FORT LAUDERDALE, FLA. (WSVN) - South Florida emergency room doctors are on the frontlines of the COVID-19 pandemic, and they’re worried.

Seventy-six ER doctors wrote a letter to the community, saying in part, “We’ve never written a letter to you before, but we’ve never experienced a crisis like the one we are currently facing. We are the people who are witnessing first-hand the impact that COVID-19 is having on people in our community, and we have seen a frighteningly rapid increase in the number of people with severe and life-threatening respiratory illnesses coming into our emergency rooms. The low number of confirmed cases in published reports does not show the true number of people who have been infected by the virus in Miami…”

“I am worried about this for a few reasons,” Dr. Warren Sturman of Broward Health said. “Number one, this could easily overwhelm our healthcare system.”

Sturman is forming a medical response unit. He is organizing doctors, nurses and other healthcare workers now, so they can step in if there is a shortage.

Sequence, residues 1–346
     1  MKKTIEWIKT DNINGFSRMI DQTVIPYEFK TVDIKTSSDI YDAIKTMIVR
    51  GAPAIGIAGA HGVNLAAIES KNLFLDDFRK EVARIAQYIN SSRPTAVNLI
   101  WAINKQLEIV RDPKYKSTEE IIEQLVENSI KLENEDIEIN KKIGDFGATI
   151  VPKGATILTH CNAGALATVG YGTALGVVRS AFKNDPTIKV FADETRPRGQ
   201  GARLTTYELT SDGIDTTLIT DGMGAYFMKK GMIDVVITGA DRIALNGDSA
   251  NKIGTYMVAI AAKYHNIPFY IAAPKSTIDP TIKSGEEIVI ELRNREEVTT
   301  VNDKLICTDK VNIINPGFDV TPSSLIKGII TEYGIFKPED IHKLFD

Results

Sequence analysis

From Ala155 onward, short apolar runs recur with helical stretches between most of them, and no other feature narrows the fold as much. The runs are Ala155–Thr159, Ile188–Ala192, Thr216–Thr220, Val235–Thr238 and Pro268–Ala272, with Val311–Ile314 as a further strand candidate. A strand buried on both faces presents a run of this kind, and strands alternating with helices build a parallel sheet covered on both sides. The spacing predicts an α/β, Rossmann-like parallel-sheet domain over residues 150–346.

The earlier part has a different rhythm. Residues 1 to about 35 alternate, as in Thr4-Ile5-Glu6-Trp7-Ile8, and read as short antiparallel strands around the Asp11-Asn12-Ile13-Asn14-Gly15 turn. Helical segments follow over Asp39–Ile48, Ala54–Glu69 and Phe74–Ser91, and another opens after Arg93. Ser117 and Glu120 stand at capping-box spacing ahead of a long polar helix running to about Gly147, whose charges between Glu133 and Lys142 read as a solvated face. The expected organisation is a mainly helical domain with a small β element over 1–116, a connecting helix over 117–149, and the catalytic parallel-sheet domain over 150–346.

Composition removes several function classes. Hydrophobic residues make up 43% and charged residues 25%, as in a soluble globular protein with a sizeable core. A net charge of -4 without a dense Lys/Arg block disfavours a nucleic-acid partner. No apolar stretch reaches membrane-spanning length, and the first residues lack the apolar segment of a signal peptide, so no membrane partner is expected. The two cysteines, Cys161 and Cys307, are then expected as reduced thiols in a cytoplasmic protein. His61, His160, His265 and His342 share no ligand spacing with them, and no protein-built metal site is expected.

“As healthcare workers test positive and have to self-quarantine, there are going to be gaps,” Sturman said. “We anticipate there is going to be a huge need for medical volunteers in the future.”

ICU nurse Mary McNerney understands that all too well.

“We are being exposed, and we feel like we are at high risk,” she said.

Because of a shortage, McNerney said nurses are having to reuse N95 masks, so she went on Facebook and asked South Floridians to donate unused masks.

“A lot of people have a couple of boxes of these hanging around in their garage,” she said. “Construction workers, painters, roofers, anybody who can get their hands on these. We are looking for donations.”

In their letter to the community, ER doctors stress how serious COVID-19 is, and how the only way to stop it is social distancing.

“One of the most insidious aspects of this epidemic is that it draws strength from people’s skepticism and feelings of invulnerability,” they wrote. “If people need to personally experience COVID-19 by having a loved one or close friend infected in order to take this crisis seriously, then it will be too late, and we will suffer the full brunt of this epidemic. The worst-case scenarios indicate that over a million Americans may eventually die of COVID-19 if we are unable to control its spread.”

“We are trying to figure out what we are doing and how we are going to be protected and take care of these patients as best we can,” McNerney.

If you are a healthcare provider who wants to be on the medical response unit, the contact info is:

Broward County Medical Association

Also if you have N95 masks to donate, contact nurse Mary McNerney at

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